I agree, it would sounds a useful addition for lakeFS with a remote object store, or for serving objects off of lakeFS to a remote client that uses direct access! But I want to be cautious here. @John Zielke, I completely understand your frustration about our caution here, and I share it to some extent. I believe this belongs on the issue, so copying it over there. So let me try to explain the forces that act against this. The basic issue is that it's a very broad front. On the server side it's "just a small matter of programming 😒tuck_out_tongue_lakefs:": We would need to add support to lakeFS, of course -- and possibly also for the GCS and Azure adapters too. But now S3 is not a single well-defined implementation, it's a de facto standard that has no definition. And we want to support it wherever possible... I am not even sure which implementations to pick to verify that this works, or how to do so: Not even if I relax the requirement from "sends back the same Cache-Control header" to "doesn't do something unexpectedly bad when it sees a Cache-Control header". As a cautious developer, that translates to adding and documenting another option. Which translates to increased cognitive load for our users.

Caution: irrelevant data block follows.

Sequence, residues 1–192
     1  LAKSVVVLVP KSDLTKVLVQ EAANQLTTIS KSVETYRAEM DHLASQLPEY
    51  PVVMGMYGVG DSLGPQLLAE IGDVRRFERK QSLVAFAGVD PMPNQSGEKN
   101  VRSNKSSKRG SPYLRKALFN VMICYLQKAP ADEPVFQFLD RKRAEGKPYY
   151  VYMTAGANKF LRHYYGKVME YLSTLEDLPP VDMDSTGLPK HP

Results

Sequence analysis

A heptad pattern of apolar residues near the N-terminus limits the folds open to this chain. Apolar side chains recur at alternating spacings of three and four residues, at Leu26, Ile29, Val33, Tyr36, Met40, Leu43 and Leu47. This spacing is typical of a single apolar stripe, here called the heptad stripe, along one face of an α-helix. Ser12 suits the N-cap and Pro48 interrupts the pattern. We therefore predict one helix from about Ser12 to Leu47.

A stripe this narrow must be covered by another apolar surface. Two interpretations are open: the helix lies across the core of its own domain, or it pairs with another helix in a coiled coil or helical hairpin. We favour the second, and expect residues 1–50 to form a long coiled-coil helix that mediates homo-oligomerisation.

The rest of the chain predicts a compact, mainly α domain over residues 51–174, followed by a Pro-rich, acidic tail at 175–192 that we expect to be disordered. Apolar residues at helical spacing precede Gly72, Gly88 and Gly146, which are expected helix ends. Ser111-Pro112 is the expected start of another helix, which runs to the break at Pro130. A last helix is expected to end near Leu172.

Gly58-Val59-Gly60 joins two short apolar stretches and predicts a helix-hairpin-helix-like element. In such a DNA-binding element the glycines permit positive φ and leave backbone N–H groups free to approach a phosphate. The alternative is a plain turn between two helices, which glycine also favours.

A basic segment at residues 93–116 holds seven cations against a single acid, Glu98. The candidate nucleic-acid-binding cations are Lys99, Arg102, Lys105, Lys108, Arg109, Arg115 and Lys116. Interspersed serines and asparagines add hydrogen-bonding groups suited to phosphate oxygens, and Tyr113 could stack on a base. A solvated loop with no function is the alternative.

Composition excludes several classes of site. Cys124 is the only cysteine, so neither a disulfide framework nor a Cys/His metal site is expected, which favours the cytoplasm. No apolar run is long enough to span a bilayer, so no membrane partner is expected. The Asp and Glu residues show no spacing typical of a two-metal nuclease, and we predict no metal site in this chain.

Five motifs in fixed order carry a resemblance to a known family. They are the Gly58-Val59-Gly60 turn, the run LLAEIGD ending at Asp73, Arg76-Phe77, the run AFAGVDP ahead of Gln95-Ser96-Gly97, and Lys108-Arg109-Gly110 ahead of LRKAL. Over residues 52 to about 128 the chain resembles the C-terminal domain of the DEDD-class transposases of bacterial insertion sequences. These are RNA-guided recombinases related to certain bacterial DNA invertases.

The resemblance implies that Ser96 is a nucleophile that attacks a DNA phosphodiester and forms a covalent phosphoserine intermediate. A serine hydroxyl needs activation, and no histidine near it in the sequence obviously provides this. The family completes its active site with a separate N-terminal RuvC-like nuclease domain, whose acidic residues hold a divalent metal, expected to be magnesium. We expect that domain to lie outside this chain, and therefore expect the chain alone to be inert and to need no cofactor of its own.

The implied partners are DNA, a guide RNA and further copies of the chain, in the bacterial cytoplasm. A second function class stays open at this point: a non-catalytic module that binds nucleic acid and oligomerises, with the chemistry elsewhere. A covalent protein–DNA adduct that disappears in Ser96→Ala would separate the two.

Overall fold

j

John Zielke

11/28/2022, 9:21 AM
Thanks for your reply! Don't get me wrong, I am not at all frustrated, just trying to provide my perspective on this (although I'm obviously biased) 🙂 I greatly appreciate the help&effort you put in to possibly accommodating such a need. For reference it seems that the only one to use is the AWS S3 refrence, as even the most common alternative, Minio seems to not have their own API published (or at least I couldn't quickly find it). Therefore I would argue it makes sense to test it against this API. IMHO, if other S3 services don't return/support it (I guess as long as they don't fail), that should be a issue of the other service, not a reason for Lakefs to provide a reduced featureset. A question in relation to this: What does Support for caching headers, ETag mean? The fact that this is stated as supported in the Get Api is great, but makes less sense if there is no way to "use" it (apart from the implicitly placed ETag) I can see why you might be hesitant to apply this for all objects or make a specific option for this. Instead I have a different proposal, that could help with this issue:1. Pass-through these system-defined headers https://docs.aws.amazon.com/AmazonS3/latest/userguide/UsingMetadata.html in the API. The fact that this does not work is unintuitive in my opinion, since the other metadate works 2. Add a generic option to add metadata (user+system-defined) to all PUTs through the S3 gateway. This would make setting this value for all clients a matter of lakefs configuration, and would not have to be enforced on every client.